It’s now lunchtime at the famed Snack Shack, which has overpriced salads and burgers and other adequate track food. It’s a rush to eat because at noon they have a tour where you can take your friends or family on the track. This is for entertainment, not speed, which is good because an instructor gets in the car with me and guides the wheel so I get a good idea of the entry, apex and exit of the turns. Of course I’ll have no idea where they are later, but it fills me with newfound confidence. I’m going to lick this track.

My green group doesn’t go out until 1:00 pm, so Bert offers to take me on a ride in his car with blue group, the advanced beginners, to get a better feel for the track. That should be fine, I figure, because after all, they are just a little more advanced than my green group. Bert, however, has been driving on the track for twenty years. I know Bert is co-chair of this DE but he is not a young hot shot, so I had no idea he would be such a monster on the track. Lesson number one: never assume anything about another driver until you see him drive. His skill is amazing and he glides through the turns and hits every apex just right. Oh wow, this is fun. I whoop with glee. This is AWESOME. In retrospect I should have tamped down my enthusiasm, as Bert is now encouraged and wants to really show me how I will eventually be driving.

Terry's porscheI have heard that BMWs are made for comfort and Porsches for speed. This is true, and as Bert accelerates I wonder again why I didn’t just buy the Audi sports car. He flies down the straightaway and slams on his brakes at the third cone at the entry to the turn. He accelerates out of the apex and does this for sixteen more turns. This is getting scary. I have never gone so fast in a car. You really feel the road in a sports car and as I am jounced back and forth, my stomach gets queasy and my heart starts to race.

We start the second lap. Bert asks me if I am OK, and breathless now and not wanting be girly, I say I’m fine. Bert goes faster. (He tells me later he was only driving at eight tenths! I have no idea what that means either.) I am now fearing for my life, and as Bert slams on his breaks for turn 7 I beg for mercy and ask him to take me in, suffering through the other ten turns it takes to get there. I am dizzy, probably from hyperventilating, as he pulls into the pit and drives me to my car. I don’t feel like I’m going to throw up but I am panting like a bulldog on a greyhound track, and I am unable to move. Bert and a Good Samaritan practically carry me to my car and turn on the air conditioning. I feel like someone who has been lost at sea and then finally sees land. But I can’t control my breathing, and I sit like a statue, wondering when I will be able stop shaking and see straight. Bert keeps apologizing, but I don’t want him to be sorry and I fight back the tears. Later in the day when Bert is my instructor on the final green run, I will feel that he is no longer an acquaintance, but a new friend, and we will experience eight-tenths of something special together.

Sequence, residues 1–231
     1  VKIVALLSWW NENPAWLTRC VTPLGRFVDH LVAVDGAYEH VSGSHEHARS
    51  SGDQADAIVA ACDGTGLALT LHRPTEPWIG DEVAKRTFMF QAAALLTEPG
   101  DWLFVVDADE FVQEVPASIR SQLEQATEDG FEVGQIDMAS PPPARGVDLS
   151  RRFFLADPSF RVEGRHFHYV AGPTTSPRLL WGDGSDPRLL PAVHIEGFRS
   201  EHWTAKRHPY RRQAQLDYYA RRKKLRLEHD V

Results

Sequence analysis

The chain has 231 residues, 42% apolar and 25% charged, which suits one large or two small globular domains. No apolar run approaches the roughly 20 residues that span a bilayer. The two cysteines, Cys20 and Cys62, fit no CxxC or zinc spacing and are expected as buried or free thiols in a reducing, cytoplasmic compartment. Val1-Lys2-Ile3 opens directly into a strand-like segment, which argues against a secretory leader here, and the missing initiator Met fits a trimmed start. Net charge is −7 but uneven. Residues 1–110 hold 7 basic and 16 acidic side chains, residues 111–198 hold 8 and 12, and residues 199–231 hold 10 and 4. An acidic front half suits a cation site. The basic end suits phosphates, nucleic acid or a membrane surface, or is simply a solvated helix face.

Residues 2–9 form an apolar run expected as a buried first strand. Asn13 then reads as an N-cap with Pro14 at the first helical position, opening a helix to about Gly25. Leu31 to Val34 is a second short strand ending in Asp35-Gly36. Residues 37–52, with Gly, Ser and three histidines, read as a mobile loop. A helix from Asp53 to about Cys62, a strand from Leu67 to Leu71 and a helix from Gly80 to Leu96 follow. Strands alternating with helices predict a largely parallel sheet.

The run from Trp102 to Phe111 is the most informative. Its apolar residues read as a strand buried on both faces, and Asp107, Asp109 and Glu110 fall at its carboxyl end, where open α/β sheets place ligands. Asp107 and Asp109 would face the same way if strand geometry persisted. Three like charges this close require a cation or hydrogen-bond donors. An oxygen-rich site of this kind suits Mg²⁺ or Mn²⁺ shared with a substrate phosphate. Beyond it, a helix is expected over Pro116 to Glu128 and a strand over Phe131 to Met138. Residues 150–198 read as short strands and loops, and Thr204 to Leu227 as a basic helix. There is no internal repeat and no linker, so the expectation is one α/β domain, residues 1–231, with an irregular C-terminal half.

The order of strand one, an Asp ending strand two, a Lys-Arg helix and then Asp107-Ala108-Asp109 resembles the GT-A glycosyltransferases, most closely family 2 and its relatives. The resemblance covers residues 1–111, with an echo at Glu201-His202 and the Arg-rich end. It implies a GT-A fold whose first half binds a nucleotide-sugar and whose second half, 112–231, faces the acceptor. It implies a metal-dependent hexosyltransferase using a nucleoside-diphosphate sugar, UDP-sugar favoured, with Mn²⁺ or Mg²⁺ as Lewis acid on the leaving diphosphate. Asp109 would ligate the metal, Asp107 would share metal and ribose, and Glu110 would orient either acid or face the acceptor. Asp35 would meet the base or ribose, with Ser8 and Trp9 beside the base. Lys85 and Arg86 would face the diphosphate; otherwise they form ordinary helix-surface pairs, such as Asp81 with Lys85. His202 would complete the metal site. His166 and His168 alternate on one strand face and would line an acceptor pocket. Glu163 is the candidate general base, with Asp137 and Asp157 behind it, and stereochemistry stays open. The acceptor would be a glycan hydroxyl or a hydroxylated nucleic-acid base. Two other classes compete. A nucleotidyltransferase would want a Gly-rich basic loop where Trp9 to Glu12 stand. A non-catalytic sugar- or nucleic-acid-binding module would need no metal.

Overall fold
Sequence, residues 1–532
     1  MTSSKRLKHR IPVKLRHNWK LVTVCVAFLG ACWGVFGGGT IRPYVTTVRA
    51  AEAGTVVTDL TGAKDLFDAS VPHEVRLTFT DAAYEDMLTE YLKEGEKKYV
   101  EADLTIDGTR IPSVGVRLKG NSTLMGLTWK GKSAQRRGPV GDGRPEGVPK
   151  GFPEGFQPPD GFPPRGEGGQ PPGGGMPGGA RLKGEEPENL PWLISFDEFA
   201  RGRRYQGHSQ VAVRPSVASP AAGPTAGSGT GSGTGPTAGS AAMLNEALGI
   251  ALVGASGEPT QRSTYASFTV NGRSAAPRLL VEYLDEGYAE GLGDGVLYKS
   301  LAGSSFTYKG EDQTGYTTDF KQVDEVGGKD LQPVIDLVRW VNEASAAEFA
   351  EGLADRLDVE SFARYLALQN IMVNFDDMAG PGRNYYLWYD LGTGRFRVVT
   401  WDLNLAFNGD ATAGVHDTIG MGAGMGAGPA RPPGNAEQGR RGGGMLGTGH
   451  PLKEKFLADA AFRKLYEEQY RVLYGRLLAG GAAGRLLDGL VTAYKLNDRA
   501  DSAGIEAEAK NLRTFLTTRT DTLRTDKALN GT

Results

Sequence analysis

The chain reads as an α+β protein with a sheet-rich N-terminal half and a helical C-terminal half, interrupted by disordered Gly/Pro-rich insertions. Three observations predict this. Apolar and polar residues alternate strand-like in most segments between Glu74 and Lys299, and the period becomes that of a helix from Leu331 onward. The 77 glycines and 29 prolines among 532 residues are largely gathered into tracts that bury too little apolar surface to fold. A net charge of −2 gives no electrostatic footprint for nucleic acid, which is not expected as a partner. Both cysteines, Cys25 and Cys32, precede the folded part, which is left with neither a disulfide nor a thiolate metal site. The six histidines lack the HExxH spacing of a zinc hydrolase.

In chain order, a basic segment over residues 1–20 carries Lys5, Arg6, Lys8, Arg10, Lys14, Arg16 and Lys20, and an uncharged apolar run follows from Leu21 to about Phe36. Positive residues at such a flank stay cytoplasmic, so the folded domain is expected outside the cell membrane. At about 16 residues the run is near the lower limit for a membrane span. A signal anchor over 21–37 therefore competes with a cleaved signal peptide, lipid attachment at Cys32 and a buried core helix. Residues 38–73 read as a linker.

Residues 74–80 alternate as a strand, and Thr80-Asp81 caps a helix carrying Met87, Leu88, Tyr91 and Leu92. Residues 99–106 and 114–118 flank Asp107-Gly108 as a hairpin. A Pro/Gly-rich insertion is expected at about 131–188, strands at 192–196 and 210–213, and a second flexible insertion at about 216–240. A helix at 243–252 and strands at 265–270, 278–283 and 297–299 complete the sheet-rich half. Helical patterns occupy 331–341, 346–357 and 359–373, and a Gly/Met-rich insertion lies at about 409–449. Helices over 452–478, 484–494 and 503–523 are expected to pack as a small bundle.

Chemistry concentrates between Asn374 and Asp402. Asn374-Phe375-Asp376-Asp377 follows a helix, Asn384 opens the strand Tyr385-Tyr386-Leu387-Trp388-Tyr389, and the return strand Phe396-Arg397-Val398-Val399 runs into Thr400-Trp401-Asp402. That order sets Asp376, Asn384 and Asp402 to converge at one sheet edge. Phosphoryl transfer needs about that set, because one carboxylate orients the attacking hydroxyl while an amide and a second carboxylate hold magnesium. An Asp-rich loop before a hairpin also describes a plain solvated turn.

As I pant in my car, Nurse Nancy, a wife of one of the drivers, comes to my rescue. She gets in my car, feels my skin to see if its clammy, takes my pulse and, assured that I am not going to die of a heart attack, says soothing things while the tears drip down my face, which she tells me is completely white. As the color slowly returns to my face, tears fall onto the Porsche shirt that was given to me when I bought my car. Good things the shirt is the moisture wicking kind. I am not sure why I am crying. It’s either because I am disappointed I became scared or I am truly grateful I am still alive.

Once I’m stabilized and think I can walk, Nancy takes me up to the air-conditioned viewing lounge and like an angel of mercy gives me Gatorade and a power bar. I need to lie down and I’m feeling pretty disappointed as the green group is now on the track without me. I sip my Gatorade and moan softly to myself. I simply can’t get comfortable. I really need to lie down, but where?

Despite the 90-degree heat I go down to my pit and try to rest in my car, but this is worse because it is hot and there is no way to put your seat back in a Boxster. I finally lie down on my blanket in my pit and use the clothes from my overnight bag as a pillow. This is remarkably comfortable, as the cement below is cool under the blanket. I don’t fall asleep but I feel my strength and moxie coming back. I am slightly encouraged by another instructor who told me his student went on a ride with him and then threw up on himself in his own car during the green run. This may sound disgusting but until you get to the pits there is no way to safely get off the track to throw up. So its not just me who gets rattled by the hairpin turns.

There are only about ten women on the track, and I need to show some courage. I am no girly girl. There is no failure, there is only the journey to the next step. I rally and lean up against the wall. I sip the nectar of life, Gatorade, and eat my power bar. Rejuvenated, I put on my helmet, jam in my sunglasses, and go fetch Bert at his pit for the last green run.

I’m getting to know some of the turns and feel confident. I even feel the rush of hitting an apex just right and then the centrifugal force of the car float it to center of the track to set up for the next turn. I am a speed goddess!

Soon enough we get the checkered flag for the last lap, which is the wind down lap. Feeling great even as the cars continue to race past me on the straightaway, I make the last gesture that all drivers make before they enter the pit: I put my arm out the window and raise my fist. I am empowered. I came back, let go of my fear, and proved that even as a woman over 50, today is the first day of the rest of my life.

Terry in her Porsche